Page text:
Making Inclusion Work: Experiences from Academia around the World is a collective call for inclusion and multiplicity in academia. Written by 22 organization and management scholars from nine countries, this book builds on the authors' autobiographical and autoethnographical experiences in developing inclusion projects in their own universities to illustrate the plurality and usefulness of inclusion practices. The methodology of the book is thus deliberately bottom up, based on everyday practices and experiences.
In the introductory chapter, Saija Katila, Susan Meriläinen, and Janne Tienari define inclusion as "bringing in new voices, themes and methods in teaching and research . . . or incorporating considerations of gender and ethnicity" in curricula, courses, and research projects (p. 1). The different case studies presented in the 13 chapters and three parts structuring the book illustrate that knowledge is always situated in time and place. The editors, through this collection, advocate for diverse inclusion practices that are rooted in historical periods and local contexts.
Part 1 focuses on the development of curricula and institutional arrangements that foster inclusiveness. Each of this part's three chapters depicts the implementation of an innovative program regarding inclusion. Collectively, these cases insightfully address the question of organizational changes across various geopolitical and cultural contexts.
Patrizia Zanoni and Hans Siebers, in Chapter 2, study the creation of a master program in the organization of cultural diversity targeting a culturally diverse student body at a Dutch university. They identify four organizational dimensions as the main reasons for the program's success: implementation by a committed team of scholars; strong support from a top manager; having a talented program coordinator; and the preexistence on campus of a potential student body for the program.
However, time also represents an important component of the success formula. Not only was time needed to obtain a consensus among the different actors involved (department, faculty, and university) but the timing of the program's implementation proved to be equally essential. The authors consider the strategy or fortuitousness of "seizing the moment" and taking the societal context into account when launching such a program.
Chapter 3, by Mary Ann Danowitz and Frank Tuitt, focuses on the issue of diversity management through the case study of a Ph.D. program at a U.S. university. Their case illustrates the integrations of diversity and inclusiveness through strategic administrative action, and curriculum and pedagogical innovation.
In Chapter 4, Refine Bendl and Angelika Schmidt analyze the institutionalization of gender studies in an Austrian historically male-dominated university. Tracing the program's development from the central role of the first activist to the resulting political recognition of the issue, the authors chart the slow transformation of inclusion from a bottom-up process to a top-down one. "The trade-off for formal legitimacy and incorporation," they note, "has been an erosion of wide democratic participation and activism" (p. 59).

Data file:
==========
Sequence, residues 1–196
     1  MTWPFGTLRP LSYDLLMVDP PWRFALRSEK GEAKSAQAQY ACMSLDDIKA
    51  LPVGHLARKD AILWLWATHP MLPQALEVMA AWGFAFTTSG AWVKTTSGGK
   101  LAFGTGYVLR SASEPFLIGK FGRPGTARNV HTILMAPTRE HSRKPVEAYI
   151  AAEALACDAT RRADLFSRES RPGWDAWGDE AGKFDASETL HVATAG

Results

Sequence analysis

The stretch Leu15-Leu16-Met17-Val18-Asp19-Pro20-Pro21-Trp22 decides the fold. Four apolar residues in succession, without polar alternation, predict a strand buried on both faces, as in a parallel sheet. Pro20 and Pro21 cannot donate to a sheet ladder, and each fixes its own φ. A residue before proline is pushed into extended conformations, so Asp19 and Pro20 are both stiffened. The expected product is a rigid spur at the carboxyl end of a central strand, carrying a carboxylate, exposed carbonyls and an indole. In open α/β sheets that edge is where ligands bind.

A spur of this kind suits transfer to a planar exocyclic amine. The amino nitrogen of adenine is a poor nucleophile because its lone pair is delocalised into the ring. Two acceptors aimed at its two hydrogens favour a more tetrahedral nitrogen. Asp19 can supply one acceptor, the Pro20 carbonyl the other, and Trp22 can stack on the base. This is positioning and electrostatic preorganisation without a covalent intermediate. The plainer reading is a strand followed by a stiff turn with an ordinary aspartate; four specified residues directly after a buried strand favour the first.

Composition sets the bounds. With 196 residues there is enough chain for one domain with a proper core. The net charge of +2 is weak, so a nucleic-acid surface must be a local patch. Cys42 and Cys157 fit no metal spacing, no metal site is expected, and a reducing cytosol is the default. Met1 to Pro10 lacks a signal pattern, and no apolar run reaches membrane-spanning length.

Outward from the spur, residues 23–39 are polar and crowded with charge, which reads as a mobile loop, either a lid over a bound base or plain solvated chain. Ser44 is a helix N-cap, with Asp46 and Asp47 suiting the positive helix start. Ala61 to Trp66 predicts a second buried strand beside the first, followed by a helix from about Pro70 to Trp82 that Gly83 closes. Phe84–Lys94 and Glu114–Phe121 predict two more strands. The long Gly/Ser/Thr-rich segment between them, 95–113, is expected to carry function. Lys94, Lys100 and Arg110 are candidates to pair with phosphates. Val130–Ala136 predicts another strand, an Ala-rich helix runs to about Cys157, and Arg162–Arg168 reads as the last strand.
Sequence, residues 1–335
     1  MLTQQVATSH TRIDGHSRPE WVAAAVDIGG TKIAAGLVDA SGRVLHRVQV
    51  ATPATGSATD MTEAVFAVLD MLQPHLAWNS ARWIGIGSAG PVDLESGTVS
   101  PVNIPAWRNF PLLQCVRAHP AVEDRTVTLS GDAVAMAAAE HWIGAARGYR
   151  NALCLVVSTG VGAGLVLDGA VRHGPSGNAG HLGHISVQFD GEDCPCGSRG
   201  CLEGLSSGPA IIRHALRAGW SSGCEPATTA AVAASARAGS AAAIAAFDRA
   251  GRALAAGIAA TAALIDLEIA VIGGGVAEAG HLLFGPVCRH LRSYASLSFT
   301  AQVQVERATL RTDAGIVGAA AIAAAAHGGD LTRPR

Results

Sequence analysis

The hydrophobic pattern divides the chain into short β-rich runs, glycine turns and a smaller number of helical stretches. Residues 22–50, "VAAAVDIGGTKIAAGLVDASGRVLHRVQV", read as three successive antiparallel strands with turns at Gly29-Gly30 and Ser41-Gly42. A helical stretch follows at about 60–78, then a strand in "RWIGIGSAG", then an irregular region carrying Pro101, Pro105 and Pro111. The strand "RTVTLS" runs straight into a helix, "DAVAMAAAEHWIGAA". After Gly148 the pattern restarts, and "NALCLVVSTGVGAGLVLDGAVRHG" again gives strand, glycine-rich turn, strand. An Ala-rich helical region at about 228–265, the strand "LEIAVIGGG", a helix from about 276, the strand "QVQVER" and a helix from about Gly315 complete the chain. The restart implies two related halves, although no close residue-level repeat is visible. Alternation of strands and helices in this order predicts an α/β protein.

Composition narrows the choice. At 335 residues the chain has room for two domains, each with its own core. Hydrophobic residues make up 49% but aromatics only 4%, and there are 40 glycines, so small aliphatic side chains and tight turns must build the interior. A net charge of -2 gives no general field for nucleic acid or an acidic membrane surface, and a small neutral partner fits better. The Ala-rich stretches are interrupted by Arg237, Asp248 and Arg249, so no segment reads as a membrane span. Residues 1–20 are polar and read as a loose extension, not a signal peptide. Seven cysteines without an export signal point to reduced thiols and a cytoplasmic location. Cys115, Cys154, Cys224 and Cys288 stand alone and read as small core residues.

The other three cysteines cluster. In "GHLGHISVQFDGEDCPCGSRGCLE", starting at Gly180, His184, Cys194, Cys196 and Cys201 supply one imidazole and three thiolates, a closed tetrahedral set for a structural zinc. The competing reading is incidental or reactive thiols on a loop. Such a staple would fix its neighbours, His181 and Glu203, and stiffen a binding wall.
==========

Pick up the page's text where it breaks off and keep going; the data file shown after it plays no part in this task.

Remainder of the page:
The second part contains four chapters in which authors describe their individual experiences with curricular and pedagogical innovation and change in the pursuit of diversity and inclusiveness.
Chapters 5 and 6 present different ways to integrate inclusive practices into curricula. Myrtle P. Bell, in Chapter 5, advocates the coupling of experience and evidence as an efficient tool to teach diversity. She explains how, in her teaching, she confronts students' erroneous beliefs and stereotypes through the use of individual experiences and quantitative research. Sandra Billard, in Chapter 6, reveals how she uses action research and action learning as teaching strategies to introduce the inclusion issue in courses for Australian graduate management students.
Chapters 7 and 8 address the issue of inclusion in research practices. In Chapter 7, Ulla Eriksson-Zetterquist illustrates how a pioneer research project questioning the role of gender in teaching was a catalyst for affirming this issue as central in her own Swedish institution. In doing so, she analyzes how disciplinary cultures impact this process.
David M. Boje, in Chapter 8, discusses the contributions that free-to-the-public webpages have made toward liberatory education and inclusion and, more generally, how to use networked interconnectivity to foster and enhance inclusive academic practices.
The third and final part of Making Inclusion Work, questions research strategy and academic identities. Chapter 9 focuses on the difficulties of...